Stressed fish and bleached anemones

Published 2018-06-01

Photo: NYTimes

Hard corals are not the only organisms that bleach in warming ocean conditions. Anemones also host similar photosynthetic algae which convert sunlight into energy, but the relationship between the anemone and the algae can be disrupted during environmental disturbances. When anemones on a coral reef bleach, they may either recover or die if the environmental stress persists. Large anemones are best known for their relationship with clown fish, which use the anemone as a home and a safe place for their eggs. Although the clown fish don’t feed on the anemones, clown fish tend to decrease in abundance and decrease their reproductive output when anemones are bleached.

Recent research, published in the journal Proceedings of the Royal Society suggests that these impacts on clown fish may be due to an increased “cost of living” demand in stressful environments. To study the response of clown fish to anemone bleaching, the researchers monitored clownfish interacting with bleached anemones in a controlled environment. They measured oxygen consumption of the fish as a metric of basal metabolic demand. Their results show that clown fish living with bleached anemones had a higher basal metabolic rate than those with healthy anemones. This increased in basal metabolic rate may have implications for the health of clown fishes in the future as there may be less energy available for important tasks, like swimming, reproduction, or escape from predators.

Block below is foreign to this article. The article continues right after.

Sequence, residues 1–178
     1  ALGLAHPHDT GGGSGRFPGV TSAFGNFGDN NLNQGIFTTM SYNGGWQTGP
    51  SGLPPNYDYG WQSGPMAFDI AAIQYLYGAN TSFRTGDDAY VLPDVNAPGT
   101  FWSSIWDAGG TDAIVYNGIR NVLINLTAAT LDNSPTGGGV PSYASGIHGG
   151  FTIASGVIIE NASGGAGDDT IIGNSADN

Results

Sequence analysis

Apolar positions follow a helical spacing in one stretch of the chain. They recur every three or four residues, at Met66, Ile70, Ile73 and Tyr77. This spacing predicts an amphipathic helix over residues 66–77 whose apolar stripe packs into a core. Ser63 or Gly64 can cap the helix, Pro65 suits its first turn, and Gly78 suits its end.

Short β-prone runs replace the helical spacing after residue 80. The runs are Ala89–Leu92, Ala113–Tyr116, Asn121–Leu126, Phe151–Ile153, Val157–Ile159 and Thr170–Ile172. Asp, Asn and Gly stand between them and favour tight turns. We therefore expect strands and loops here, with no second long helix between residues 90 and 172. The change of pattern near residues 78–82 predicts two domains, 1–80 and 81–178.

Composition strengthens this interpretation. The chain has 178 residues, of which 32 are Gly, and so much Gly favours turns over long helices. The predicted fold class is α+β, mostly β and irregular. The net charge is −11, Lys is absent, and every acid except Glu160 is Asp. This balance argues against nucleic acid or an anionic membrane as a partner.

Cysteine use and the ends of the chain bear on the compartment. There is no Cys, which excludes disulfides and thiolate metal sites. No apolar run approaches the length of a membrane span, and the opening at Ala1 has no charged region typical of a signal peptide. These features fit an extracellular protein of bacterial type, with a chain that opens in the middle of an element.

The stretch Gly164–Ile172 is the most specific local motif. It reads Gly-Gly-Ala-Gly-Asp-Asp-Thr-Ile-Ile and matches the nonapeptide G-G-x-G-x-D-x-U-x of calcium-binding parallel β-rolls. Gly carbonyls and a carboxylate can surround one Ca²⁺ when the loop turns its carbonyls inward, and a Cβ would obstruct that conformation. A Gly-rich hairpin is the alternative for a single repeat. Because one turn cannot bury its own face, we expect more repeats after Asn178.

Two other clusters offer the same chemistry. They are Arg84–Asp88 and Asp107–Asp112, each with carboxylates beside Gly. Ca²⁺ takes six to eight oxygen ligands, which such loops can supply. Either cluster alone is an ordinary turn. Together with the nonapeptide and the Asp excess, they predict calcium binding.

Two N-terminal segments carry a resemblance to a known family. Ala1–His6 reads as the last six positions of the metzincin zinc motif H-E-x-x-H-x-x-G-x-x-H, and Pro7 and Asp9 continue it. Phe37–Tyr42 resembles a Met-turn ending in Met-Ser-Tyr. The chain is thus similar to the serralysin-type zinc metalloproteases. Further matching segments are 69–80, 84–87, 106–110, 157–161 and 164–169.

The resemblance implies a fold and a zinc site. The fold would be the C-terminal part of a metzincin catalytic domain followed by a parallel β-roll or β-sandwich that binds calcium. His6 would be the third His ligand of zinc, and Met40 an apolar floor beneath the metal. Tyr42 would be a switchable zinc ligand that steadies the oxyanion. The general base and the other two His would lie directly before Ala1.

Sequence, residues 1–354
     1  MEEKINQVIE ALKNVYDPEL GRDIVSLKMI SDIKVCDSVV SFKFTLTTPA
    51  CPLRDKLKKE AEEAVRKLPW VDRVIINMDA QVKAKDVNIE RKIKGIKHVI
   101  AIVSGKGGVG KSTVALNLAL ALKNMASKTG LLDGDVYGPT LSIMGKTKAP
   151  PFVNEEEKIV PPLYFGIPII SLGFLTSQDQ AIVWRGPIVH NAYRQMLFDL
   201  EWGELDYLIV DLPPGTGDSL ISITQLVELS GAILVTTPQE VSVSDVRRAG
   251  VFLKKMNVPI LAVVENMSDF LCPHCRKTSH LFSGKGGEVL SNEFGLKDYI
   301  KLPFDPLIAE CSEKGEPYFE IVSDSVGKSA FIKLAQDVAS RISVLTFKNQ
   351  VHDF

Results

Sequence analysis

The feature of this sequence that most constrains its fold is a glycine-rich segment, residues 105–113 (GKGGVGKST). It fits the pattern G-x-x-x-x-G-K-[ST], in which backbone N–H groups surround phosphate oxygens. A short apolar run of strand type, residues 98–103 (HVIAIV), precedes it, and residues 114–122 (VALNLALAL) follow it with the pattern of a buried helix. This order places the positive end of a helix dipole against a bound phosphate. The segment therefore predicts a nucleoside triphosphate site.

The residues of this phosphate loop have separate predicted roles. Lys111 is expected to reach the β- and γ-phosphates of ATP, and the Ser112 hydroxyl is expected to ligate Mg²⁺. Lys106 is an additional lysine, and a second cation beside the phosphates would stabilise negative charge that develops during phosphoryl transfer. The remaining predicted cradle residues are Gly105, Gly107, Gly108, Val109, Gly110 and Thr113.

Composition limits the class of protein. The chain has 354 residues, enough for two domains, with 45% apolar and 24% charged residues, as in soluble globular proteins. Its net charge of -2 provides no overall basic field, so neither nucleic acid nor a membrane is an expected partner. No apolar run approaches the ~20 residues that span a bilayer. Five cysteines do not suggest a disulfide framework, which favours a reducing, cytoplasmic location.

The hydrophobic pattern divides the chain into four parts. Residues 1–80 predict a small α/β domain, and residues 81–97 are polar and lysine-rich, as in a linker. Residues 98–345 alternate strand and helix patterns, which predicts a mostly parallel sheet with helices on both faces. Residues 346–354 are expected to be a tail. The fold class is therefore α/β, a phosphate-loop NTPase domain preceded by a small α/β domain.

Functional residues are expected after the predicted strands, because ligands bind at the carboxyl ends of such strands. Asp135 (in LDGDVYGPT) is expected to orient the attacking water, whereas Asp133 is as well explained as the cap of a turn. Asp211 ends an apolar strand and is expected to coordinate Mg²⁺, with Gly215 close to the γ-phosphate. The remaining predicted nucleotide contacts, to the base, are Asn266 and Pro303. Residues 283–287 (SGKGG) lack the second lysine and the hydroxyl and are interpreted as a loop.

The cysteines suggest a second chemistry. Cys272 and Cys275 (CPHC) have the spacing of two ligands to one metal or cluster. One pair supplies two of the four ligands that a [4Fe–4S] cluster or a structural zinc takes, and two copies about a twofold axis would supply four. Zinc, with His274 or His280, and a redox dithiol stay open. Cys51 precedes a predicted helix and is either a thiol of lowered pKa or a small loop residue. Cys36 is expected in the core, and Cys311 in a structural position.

Read the full study here:

Norin T et al. 2018. Anemone bleaching increases the metabolic demands of symbiont anemonefish. Proceedings of the Royal Society B DOI: 10.1098/rspb.2018.0282